Archive for March, 2008
Quarter grades were due Friday. These grades determine, in part, eligibility for fall sports tryouts; more than a few students entered a sort of panicked-but-attempting-studious mode.
One of my newer students is fresh from the Deep South and is, I suppose, quite the would-be athlete. Though he enrolled a few weeks ago, I don’t know him that well. He shows up to class maybe about half of the time.
He asked me in a tone of voice I’m sure he thought was polite if there was anything to do to help his F become something other than an F. I told him it his F was probably his fault.
He became offended.
I just haven’t been here. You can’t give me a C or nothin’?
“You’ll have time to improve your grade by the semester. You’ve only been here for three weeks, so you haven’t racked up that big of a hole for yourself. Start showing up and start doing the work and I’m sure you’ll be fine.
“If you were gone, and you have a good reason, then it isn’t your fault. If you were gone from class and you don’t have a good reason, then it is your fault.”
That’s not fair.
I just walked away. I’ll let him complain to someone else.
Moral of the story? Nothing’s fair.
It was the first day back from spring break, and I was in need of a new water bottle. I drink water, and quite a lot of it through the school day. Though I’m told drinking too much water could be a sign of early onset diabetes — not to mention family history two generations deep — I don’t really care about that.
Plastic bottles weren’t cutting it. Forgetting my irrational lack of caution toward diabetes, I am most a-feared of cancer. As I hear it, refilling plastic bottles will get you your very own cancer, and not the kind you get better from.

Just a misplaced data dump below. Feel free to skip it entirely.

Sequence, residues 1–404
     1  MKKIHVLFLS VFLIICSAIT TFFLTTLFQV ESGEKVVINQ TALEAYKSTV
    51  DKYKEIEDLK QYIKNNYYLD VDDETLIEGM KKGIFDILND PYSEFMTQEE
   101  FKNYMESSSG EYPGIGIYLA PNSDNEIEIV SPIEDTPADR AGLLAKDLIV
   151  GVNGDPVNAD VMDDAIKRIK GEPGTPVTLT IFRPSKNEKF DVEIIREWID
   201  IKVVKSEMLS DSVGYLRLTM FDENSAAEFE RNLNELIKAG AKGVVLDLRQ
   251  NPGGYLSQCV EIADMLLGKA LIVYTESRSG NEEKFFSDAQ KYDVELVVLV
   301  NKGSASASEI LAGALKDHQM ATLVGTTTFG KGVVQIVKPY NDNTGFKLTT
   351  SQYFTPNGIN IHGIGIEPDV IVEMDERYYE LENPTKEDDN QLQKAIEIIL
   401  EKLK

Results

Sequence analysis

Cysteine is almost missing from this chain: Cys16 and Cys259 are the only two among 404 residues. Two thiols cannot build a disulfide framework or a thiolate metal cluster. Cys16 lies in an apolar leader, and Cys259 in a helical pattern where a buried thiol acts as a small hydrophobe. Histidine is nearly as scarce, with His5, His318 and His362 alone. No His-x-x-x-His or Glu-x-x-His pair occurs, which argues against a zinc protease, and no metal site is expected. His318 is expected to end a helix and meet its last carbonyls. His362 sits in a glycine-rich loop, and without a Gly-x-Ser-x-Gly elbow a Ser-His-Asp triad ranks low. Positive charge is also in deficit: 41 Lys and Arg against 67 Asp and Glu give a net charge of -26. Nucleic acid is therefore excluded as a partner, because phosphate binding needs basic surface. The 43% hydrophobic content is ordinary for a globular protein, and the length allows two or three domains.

It’s a good thing that Tapatio comes in a glass bottle.
I had invested in a 32-ounce bottle of Tapatio, a Mexican hot sauce made by real Mexicans and is sold at warehouse discount stores around my city. I bought my bottle in celebration — mourning? — of spring break’s lack of dorm cafeteria.
I had finished it not an hour before I decided I needed a new water bottle.
If nothing else, drinking water from this Tapatio bottle should buy me some street cred with students. Our high school is 48 percent Hispanic.
Reactions ranged from disbelief and shock to near-asphyxiation from laughter. My seniors held back their dismay much more easily than my sophomores, some of whom still giggle at the sight of me twisting off the top and chugging away.
Once I had made clear that it was a glass bottle, one hopefully unattentive student asked me if I had been squeezing the water out.
Overall, my street cred was gained. I imagine Bulldog membership is on the way.
Moral of the story? Tapatio: the ultimate equalizer.